For years, the public defender system in Missouri has fought to alleviate a growing caseload it says leaves them unable to fairly represent clients.
Now, the man blamed for the crisis is being asked to help alleviate the crunch by heading into the courtroom.
Citing his authority under Missouri law, Michael Barrett, director of the Missouri State Public Defender system has ordered Gov. Jay Nixon to represent a criminal defendant in Cole County.
"It is my sincere belief that it is wrong to reassign an obligation placed on the state by the 6th and 14th Amendments to private attorneys who have in no way contributed to the current crisis," Barrett wrote in a letter to Nixon. "Given the extraordinary circumstances that compel me to entertain any and all avenues for relief, it strikes me that I should begin with the one attorney in the state who not only created the problem, but is in a unique position to address it."
The dispute is rooted in a vetoed 2009 bill that would have set caseload standards for public defenders, allowing them to turn away defendants charged with lower-level crimes. At the time, Barrett said, Nixon promised to work with the legislature to solve the problem — but never followed through.
"Instead, you have repeatedly cut funding for an indigent defense system that continues to rank 49th in the U.S., with a budget that the consumer price index indicates has less value now than it did in 2009," Barrett wrote in a letter to the Democratic governor.
At an appearance in Warrensburg on Thursday, Nixon defended his record on funding indigent defense.
"I've always supported legal representation for indigent criminal defendants," Nixon said. "That's proven by the fact that we have been significantly supportive of the public defender system in the state. as I've been governor, we've increased their budget 15.1 percent at the same time that we have had to lower the head count of the state by 5,100 employees."
Christopher Dunn, the chief of staff to the chairman of the House Budget Committee, said most of that 15 percent increase appears to be mostly due to required cost-of-living adjustments to salaries, not for new employees.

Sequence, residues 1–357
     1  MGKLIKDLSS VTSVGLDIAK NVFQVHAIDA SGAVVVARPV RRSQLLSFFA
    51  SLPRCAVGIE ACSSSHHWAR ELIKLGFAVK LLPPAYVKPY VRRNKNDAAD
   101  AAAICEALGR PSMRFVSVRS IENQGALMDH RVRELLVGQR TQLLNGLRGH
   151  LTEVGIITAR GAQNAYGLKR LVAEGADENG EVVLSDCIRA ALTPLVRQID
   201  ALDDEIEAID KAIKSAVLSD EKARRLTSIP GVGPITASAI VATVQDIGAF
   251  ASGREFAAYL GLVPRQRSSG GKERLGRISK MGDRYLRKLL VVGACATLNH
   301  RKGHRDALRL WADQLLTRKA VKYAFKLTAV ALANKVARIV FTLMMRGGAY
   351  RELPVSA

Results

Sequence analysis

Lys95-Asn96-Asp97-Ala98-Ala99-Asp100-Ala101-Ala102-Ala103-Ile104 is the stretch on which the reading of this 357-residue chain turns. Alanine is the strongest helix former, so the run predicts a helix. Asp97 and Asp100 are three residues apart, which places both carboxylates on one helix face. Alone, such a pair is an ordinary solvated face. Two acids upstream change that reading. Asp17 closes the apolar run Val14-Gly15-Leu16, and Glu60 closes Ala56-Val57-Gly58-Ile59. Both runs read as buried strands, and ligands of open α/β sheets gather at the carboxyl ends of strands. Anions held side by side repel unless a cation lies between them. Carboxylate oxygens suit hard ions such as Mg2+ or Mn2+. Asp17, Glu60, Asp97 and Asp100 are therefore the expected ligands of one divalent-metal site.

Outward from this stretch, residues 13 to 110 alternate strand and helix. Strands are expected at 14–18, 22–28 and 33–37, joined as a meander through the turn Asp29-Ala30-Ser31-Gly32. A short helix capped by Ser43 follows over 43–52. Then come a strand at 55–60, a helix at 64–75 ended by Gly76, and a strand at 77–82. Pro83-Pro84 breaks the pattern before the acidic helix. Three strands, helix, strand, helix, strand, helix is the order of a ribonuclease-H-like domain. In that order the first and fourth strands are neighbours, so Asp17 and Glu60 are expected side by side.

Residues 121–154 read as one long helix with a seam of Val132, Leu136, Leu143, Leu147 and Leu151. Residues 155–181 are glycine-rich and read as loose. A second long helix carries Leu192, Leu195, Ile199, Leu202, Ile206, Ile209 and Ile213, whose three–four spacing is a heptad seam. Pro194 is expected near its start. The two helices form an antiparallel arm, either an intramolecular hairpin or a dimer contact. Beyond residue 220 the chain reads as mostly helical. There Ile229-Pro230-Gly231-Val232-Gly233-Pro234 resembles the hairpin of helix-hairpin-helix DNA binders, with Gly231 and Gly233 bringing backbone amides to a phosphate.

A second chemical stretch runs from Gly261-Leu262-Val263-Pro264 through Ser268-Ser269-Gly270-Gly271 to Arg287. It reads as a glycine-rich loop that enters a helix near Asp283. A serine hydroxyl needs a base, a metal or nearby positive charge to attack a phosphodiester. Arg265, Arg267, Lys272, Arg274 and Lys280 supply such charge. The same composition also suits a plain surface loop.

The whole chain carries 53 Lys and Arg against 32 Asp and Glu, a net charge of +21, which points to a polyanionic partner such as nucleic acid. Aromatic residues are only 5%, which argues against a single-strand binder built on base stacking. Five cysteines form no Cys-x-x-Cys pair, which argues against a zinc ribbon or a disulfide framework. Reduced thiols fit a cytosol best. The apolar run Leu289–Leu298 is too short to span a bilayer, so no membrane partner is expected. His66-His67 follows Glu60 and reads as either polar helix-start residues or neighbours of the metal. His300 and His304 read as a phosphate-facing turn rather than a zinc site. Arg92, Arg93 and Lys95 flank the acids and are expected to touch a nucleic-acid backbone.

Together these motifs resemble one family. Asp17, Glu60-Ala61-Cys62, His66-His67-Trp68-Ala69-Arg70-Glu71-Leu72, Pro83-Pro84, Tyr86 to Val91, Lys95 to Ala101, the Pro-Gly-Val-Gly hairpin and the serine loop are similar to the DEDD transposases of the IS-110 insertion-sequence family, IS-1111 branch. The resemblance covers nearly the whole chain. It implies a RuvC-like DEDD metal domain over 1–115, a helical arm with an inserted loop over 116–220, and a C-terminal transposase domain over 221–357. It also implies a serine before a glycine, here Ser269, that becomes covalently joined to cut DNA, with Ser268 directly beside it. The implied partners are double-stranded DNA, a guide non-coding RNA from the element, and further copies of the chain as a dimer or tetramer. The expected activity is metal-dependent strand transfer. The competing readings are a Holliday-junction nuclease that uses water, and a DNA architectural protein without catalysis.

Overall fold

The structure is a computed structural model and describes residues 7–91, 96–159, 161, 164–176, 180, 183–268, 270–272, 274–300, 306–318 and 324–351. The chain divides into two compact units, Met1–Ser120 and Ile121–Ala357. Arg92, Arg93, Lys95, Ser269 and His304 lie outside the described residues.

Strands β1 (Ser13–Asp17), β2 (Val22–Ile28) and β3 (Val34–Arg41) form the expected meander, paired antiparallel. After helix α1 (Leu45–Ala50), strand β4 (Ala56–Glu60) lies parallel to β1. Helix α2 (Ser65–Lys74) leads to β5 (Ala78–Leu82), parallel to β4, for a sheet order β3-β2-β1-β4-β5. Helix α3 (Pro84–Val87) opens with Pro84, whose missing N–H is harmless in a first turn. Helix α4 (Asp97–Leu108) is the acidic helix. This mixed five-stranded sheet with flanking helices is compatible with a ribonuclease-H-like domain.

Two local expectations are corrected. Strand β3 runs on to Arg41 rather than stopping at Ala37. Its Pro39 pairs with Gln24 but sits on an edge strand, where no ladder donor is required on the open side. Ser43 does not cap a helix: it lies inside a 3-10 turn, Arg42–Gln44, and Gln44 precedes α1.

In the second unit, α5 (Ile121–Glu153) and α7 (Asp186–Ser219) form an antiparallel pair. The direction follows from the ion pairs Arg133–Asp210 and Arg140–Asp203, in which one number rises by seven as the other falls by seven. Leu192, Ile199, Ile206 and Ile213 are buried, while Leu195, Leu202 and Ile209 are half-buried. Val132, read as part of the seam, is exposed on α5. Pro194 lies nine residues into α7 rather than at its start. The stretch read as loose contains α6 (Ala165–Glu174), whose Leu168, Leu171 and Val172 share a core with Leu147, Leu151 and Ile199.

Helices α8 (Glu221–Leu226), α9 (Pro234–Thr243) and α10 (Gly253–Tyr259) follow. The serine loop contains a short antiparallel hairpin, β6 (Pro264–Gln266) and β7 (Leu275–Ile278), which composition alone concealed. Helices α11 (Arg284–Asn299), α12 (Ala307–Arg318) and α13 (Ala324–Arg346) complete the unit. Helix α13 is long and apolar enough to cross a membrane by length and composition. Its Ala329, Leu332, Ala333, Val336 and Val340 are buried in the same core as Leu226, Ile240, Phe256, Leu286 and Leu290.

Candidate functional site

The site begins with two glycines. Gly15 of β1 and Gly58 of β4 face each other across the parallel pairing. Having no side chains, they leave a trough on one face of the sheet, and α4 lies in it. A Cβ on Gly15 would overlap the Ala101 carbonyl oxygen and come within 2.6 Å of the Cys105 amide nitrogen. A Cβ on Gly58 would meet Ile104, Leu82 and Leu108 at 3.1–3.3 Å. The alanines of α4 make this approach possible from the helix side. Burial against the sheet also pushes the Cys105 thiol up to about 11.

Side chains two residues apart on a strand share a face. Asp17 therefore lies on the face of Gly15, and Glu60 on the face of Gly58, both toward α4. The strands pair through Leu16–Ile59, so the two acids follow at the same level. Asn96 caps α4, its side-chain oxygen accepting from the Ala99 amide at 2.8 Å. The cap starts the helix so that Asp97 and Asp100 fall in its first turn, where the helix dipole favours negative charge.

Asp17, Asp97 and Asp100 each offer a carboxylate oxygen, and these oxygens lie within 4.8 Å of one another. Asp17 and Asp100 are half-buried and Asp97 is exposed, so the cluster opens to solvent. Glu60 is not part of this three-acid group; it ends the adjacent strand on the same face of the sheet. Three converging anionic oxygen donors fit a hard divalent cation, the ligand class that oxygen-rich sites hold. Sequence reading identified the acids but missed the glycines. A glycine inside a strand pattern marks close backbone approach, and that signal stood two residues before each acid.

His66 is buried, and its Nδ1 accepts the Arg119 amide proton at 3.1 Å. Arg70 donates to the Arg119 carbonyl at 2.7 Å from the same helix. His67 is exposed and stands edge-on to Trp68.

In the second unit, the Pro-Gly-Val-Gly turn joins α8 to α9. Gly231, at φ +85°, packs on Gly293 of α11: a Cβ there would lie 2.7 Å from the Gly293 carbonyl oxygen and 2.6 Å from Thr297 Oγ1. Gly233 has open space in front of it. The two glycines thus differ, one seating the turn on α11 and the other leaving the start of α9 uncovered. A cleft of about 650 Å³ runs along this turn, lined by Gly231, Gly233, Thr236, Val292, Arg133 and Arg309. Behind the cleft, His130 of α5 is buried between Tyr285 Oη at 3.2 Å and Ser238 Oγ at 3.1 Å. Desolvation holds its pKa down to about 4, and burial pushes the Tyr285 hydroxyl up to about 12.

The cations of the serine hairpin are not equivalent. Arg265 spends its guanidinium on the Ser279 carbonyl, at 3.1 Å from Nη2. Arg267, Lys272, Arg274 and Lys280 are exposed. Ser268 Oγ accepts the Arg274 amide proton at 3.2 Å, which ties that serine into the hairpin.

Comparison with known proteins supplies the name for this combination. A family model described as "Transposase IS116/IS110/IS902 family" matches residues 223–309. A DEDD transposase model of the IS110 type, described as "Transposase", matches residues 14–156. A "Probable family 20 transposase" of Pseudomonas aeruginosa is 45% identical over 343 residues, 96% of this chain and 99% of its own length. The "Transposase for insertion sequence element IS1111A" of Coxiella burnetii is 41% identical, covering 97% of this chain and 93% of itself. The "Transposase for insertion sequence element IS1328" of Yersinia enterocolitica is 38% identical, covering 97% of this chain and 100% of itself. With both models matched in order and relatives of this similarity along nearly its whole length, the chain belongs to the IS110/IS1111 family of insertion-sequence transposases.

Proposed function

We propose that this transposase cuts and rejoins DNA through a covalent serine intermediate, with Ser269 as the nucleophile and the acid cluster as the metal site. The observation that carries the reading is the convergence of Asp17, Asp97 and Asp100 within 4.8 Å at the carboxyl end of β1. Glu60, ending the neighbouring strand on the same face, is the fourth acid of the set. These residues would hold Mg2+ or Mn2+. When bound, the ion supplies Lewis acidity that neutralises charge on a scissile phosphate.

State Sen. Kurt Schaefer, a Columbia Republican who ran unsuccessfully for attorney general, has long supported a additional funding for public defender offices to stave off a crisis.
“It will get to a point when the constitutional violations to defendants will be clear enough they will start letting criminal defendants go. That’s terrible for public safety. It’s terrible for the rule of law and carrying out justice," Schaefer said.
The public defenders in the city of St. Louis and St. Louis, Gasconade, Lincoln, Osage and Jefferson counties did not return phone calls seeking comment on Barrett's letter or their case loads. Tara Crane, the lead public defender in St. Charles and Warren counties, referred questions back to Barrett.
The Bar Association of Metropolitan St. Louis said it agrees with a statement from the Missouri Bar Association.
"While we do not have a position on the public defender's office assigning a case to the governor, we do have a long history of supporting proper funding for Missouri's justice system — including public defenders and prosecutors — because the people of Missouri deserve access to fair justice," the Missouri Bar statement read.
"We always support and believe in equal access to justice for all people," BAMSTL spokeswoman Amanda Lindley said.
Peter Joy, the director of the criminal law clinic at Washington University School of Law, called Barrett's appointment of Nixon a "modest step."
"There needs to be a recognition that the U.S. Constitution is supposed to mean something, even for poor people, and the governor just doesn't seem to grasp that," Joy said. "This governor has ignored the needs of poor defendants in this state, and it's shameful. Perhaps if he represents some, he'll maybe have a better appreciation of the needs of the citizens of the state."
Elle Moxley of KCUR contributed reporting from Warrensburg, Mo.
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